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This article in JEQ

  1. Vol. 34 No. 1, p. 382-389
     
    Received: Mar 4, 2004
    Published: Jan, 2005


    * Corresponding author(s): s.hunger@earth.leeds.ac.uk
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doi:10.2134/jeq2005.0382

How Accurate Is the Assessment of Phosphorus Pools in Poultry Litter by Sequential Extraction?

  1. Stefan Hunger *a,
  2. J. Thomas Simsb and
  3. Donald L. Sparksb
  1. a Department of Earth Sciences, University of Leeds, Leeds LS2 9JT, United Kingdom
    b Department of Plant and Soil Sciences, University of Delaware, 152 Townsend Hall, Newark, DE 19711

Abstract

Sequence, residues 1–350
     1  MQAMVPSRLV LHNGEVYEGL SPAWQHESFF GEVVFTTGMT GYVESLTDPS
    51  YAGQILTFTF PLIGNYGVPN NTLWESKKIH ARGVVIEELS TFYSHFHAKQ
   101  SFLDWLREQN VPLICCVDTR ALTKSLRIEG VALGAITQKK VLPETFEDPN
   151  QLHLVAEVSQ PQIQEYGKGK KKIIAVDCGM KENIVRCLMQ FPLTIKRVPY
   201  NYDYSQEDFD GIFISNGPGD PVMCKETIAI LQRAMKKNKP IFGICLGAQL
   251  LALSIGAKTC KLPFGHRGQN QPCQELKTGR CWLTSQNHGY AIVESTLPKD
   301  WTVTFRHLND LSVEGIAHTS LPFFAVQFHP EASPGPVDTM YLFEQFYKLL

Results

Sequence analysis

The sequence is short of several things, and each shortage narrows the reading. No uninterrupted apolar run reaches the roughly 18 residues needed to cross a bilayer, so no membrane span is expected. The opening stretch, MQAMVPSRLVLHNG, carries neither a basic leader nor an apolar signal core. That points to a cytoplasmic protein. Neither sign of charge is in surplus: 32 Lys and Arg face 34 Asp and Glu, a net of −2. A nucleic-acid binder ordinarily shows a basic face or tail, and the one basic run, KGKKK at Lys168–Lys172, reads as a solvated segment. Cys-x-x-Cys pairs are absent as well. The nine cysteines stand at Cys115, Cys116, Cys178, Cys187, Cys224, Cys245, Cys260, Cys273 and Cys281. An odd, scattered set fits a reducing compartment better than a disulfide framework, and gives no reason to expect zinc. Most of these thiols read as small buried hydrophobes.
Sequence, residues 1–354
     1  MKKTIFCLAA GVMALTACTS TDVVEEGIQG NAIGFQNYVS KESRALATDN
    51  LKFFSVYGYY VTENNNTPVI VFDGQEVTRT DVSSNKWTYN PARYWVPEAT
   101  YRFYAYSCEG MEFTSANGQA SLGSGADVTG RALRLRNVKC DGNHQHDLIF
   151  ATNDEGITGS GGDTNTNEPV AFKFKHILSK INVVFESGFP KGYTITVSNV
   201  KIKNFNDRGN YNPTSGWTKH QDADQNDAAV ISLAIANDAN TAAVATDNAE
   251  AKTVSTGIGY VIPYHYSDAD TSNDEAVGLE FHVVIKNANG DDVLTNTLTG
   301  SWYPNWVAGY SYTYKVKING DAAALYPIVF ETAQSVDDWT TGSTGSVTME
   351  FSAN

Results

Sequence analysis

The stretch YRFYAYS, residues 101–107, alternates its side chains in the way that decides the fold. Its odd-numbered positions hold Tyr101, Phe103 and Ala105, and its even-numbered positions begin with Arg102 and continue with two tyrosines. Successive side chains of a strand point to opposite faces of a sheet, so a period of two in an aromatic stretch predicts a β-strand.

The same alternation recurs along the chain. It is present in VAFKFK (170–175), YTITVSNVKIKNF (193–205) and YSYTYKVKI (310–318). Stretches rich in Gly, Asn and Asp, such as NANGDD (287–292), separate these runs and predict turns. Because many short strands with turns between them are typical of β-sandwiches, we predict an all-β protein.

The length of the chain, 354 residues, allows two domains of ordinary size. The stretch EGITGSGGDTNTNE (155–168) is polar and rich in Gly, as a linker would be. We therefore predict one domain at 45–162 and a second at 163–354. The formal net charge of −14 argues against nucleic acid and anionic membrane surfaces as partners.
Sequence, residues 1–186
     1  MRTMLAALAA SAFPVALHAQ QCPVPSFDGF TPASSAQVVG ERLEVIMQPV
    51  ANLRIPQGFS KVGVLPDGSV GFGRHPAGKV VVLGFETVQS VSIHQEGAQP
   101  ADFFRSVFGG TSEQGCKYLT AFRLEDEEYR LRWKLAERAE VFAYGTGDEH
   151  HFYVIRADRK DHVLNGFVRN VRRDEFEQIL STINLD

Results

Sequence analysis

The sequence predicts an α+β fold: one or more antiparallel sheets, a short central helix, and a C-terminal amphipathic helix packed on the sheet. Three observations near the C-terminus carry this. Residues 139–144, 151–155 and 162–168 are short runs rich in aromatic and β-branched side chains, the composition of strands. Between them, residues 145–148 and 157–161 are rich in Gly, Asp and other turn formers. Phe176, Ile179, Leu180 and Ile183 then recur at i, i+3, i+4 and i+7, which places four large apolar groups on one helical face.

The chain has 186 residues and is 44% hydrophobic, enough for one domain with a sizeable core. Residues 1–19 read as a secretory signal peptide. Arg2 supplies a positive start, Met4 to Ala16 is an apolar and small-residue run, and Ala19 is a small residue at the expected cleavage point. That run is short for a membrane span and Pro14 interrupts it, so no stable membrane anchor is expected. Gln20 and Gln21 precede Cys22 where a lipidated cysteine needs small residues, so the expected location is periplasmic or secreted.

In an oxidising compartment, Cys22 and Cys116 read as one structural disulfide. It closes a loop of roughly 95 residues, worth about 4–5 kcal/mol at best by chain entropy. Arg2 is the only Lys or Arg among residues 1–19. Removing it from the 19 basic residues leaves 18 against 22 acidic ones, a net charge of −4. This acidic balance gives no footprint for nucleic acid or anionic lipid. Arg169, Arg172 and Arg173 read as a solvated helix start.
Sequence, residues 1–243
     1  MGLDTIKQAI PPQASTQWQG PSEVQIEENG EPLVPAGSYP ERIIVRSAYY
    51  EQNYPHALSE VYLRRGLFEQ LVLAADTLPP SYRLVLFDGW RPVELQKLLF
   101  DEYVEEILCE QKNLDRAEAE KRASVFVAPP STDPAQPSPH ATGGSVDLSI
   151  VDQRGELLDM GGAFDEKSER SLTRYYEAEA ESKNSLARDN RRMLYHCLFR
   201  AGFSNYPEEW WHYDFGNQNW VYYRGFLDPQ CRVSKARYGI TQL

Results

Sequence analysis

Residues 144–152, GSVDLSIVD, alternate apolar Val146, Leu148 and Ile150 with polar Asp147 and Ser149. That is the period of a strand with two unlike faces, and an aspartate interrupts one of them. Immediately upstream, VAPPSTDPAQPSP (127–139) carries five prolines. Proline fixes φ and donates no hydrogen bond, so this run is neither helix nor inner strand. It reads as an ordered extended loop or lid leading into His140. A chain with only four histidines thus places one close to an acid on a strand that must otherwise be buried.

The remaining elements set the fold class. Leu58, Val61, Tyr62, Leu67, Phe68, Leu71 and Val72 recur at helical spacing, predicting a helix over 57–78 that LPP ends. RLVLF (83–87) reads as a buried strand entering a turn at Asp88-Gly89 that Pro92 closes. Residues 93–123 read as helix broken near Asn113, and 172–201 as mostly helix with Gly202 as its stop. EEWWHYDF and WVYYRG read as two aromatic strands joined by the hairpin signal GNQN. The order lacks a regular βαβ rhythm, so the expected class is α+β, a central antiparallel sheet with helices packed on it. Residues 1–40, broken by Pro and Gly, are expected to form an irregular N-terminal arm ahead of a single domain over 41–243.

Amending poultry litter with Al sulfate (alum) has proven effective in reducing water-soluble P in the litter and in runoff from fields that have received litter applications. Although its effectiveness has been demonstrated on a macroscopic scale in the field or in the poultry houses, little is known about P speciation in either alum-amended or unamended litter. This knowledge is important for the evaluation of long-term stability and bioavailability of P, which is a necessary prerequisite for the assessment of the sustainability of intensive poultry operations. Here we report results from an investigation of alum-amended poultry litter (PL) that combined a chemical extraction sequence with solid-state 31P nuclear magnetic resonance (NMR) spectroscopic analysis of the residues. Aluminum is predominantly found in the fine size separate (<125 μm), indicating that the alum added to the poultry houses hydrolyzed without being completely dispersed in the litter. The NMR spectra confirmed the hypothesis that calcium phosphate phases are only dissolved during extraction with dilute acid and phosphate associated with Al is mainly dissolved during extraction with NaOH. Extraction of phosphate associated with Al was incomplete, however, as evidenced by 31P NMR spectroscopy. It could also be demonstrated that the extraction sequence overestimates the calcium phosphate fraction by an order of magnitude in this particular sample. Results from sequential chemical extraction should therefore be used with caution when assessing the magnitude of different phosphate pools in poultry litter.

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